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History Of Us Imperialism: Pre-world War I

Discussion in 'Picard's Corner' started by Picard, Nov 10, 2016.

  1. Picard

    Picard Lt. Colonel RESEARCHER

    Feb 4, 2012
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    Pre-World War I

    US tradition of using force to solve the problems where diplomacy would suffice actually goes to very beginning of United States themselves, with any native populace in the way of US expansion being dislocated, exterminated or isolated in reservates. United States kept expanding over North American continent through conquest and purchase (Louisiana 1803), however expansion towards the North was stopped by their defeat in English-American War of 1812.

    Since very beginning, Americans have perceived themselves as people chosen by God to propagate their values and beliefs to rest of the world. Thus, extending US-style demo(n)cracy to rest of the world is seen as a something of an imperative beyond simple interest in profit. In that they can be compared to Roman Empire – much like Rome, United States don’t see themselves as opressors, but as civilizators; slaughter and genocide are both acceptable if they serve interests of political and social elite.

    In 1823, Jason Monroe declared both Americas to be US-exclusive interest zone and thus exempt from any colonization attempts or interference by European powers. However, until end of the 19-th century, it was British Navy which actually enforced that exemption, due to UK’s own interests – only by end of the century did United States have navy capable of enforcing the declaration on its own.

    Still, Monroe Doctrine did not exemp United States from such interference, setting up American continent as US interest zone. Theodore Roosevelt has confirmed in 1904 that United States have a special right to intervene in any country in both Americas, militarily if need be. That right was, over time, extended to rest of the world.

    In 1898, after Spanish-US war, United States have gained control over the entire Spanish empire in Pacific and Carribeans (Cuba, Puerto Rico, Phillipines, Guam). In same year, Hawaii were also annexed.

    Theodore Roosevelt, arguing for annexation of Phillipines, claimed that it is “not imperialism, but expansion”. Such euphemisms will later become typical of US politicians. After Phillipines were annexed, 200 000 Filipinos were killed out of population of eight million in an attempt to crush the rebellion, which happened in 1903.

    United States controlled the Phillipines from 1898 to 1946; Cuba was protectorate from 1901 to 1934, and in that time, two naval bases were built on Cuban territory – Guam and Puerto Rico; both bases are still under US control. United States also controlled island’s sugar economy and political life, intervening in force when necessary to quell uprisings. Cuban government had to obtain blessing from US minister in Havana in order to undertake any major departure.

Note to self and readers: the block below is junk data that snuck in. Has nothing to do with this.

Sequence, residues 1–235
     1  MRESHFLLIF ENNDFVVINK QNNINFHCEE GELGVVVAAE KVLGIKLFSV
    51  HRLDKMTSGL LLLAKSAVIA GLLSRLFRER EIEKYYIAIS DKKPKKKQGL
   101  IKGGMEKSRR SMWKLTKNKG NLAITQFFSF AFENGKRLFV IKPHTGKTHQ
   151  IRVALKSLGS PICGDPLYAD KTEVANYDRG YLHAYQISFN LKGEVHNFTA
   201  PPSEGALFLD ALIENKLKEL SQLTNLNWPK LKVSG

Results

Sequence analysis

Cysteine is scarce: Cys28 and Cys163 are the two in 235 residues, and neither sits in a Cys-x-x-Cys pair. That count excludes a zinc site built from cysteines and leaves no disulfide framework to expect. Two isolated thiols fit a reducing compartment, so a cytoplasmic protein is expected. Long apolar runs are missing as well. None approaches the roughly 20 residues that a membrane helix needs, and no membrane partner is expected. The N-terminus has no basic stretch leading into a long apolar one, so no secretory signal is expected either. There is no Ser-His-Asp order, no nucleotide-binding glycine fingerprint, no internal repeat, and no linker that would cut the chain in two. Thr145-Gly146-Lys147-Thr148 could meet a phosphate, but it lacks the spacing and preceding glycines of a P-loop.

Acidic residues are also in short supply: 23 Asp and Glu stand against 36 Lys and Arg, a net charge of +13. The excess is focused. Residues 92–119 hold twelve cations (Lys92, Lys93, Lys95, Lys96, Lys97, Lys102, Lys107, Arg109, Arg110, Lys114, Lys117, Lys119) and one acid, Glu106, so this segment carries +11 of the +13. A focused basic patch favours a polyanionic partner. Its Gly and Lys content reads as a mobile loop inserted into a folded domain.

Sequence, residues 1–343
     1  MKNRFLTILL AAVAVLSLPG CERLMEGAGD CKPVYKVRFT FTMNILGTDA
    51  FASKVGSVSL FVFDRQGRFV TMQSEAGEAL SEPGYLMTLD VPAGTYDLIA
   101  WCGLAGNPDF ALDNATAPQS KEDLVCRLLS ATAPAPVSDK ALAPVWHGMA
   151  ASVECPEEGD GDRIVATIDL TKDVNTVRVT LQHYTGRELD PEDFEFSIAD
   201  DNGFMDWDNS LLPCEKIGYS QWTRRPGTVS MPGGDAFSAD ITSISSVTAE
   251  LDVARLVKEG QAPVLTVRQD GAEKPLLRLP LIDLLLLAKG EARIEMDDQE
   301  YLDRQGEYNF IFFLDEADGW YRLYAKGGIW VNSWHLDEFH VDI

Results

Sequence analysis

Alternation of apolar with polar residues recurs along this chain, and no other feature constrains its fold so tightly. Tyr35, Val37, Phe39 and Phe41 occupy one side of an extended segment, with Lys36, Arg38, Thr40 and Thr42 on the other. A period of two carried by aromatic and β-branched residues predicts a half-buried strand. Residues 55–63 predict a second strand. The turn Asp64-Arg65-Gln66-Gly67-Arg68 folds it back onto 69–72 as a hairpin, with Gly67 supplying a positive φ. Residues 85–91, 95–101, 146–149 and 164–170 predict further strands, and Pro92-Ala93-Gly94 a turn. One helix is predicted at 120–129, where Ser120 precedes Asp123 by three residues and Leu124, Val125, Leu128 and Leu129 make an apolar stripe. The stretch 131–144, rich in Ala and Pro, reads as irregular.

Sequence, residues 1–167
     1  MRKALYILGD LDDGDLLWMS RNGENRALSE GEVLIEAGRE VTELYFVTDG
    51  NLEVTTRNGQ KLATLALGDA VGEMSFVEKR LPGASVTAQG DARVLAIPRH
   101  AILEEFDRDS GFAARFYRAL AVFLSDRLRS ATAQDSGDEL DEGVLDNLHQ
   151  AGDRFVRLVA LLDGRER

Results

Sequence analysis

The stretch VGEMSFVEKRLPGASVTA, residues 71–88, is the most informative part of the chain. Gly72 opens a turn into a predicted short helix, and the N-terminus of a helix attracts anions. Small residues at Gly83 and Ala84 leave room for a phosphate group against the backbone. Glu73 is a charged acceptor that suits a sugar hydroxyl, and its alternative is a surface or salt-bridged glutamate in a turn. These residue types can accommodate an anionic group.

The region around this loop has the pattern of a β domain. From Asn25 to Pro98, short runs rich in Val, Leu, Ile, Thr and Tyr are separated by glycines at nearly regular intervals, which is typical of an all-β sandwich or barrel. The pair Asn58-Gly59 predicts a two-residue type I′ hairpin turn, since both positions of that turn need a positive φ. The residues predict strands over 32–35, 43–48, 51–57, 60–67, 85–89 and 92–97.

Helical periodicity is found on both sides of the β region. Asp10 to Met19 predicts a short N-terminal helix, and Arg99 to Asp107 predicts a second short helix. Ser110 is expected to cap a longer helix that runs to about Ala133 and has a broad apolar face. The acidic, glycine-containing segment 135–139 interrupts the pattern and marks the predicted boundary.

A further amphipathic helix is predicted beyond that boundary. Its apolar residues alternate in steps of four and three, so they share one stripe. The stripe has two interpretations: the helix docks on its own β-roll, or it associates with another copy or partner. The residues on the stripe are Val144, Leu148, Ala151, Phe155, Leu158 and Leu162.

In 1903, United States sponsored a coup against Columbia in which Republic of Panama was created; new country immediately gave right for building a canal over Panama isthmus. Upened in 1914, canal remained under direct US control until 1979, to be again invaded in 1989-1990.

    Woodrow Wilson interventioned militarily in Haiti in 1914, Dominican Republic in 1916 and twice in Mexico (1914, 1916) to crush revolutions that threatened to nationalize US land, as well as mining and oil companies. However, as none of these interventions had a result of United States annexing any land, but rather installing US-friendly regimes and using them to control politics and economies of invaded countries, many believe that these interventions cannot be described as actions of an empire. They are, obviously, wrong.

    In 1899, United States entered China and claimed equal treatments as that of European powers (in other words, preferential relative to indigenous Chinese commerce). However, while United States took liberty in rest of the world, US involvement with Europe was purely economical, not military, in nature – excepting when it comes to matters directly pertaining to American continent – due to the fact that Europe could, if unified, easily counter any US attempt at involvement. Moreover, there was fear that a politically unified Europe could threaten the security and very identity of United States; that fear still remains.

    In 1914, United States have displaced Great Britain as world’s leading industrial power, accounting for 33% of world’s GNP. Same year, US Navy ranked third in the world, just behind UK and German fleets, after a massive buildup. Despite all that, and criticism from Theodore Roosevelt, Woodrow Wilson kept United States from entering World War I. In 1917, however, he entered war, declaring that “German agression is a threat to humanity itself”.

    After US entry won the war for the Allies, Wilson created Fourteen Points and League of Nations; however, US Senate refused to allow United States entry into League. United States have greatly benefoted from the World War I, becoming greatest creditor and financial country in the world, and producing 43% of world’s industrial output.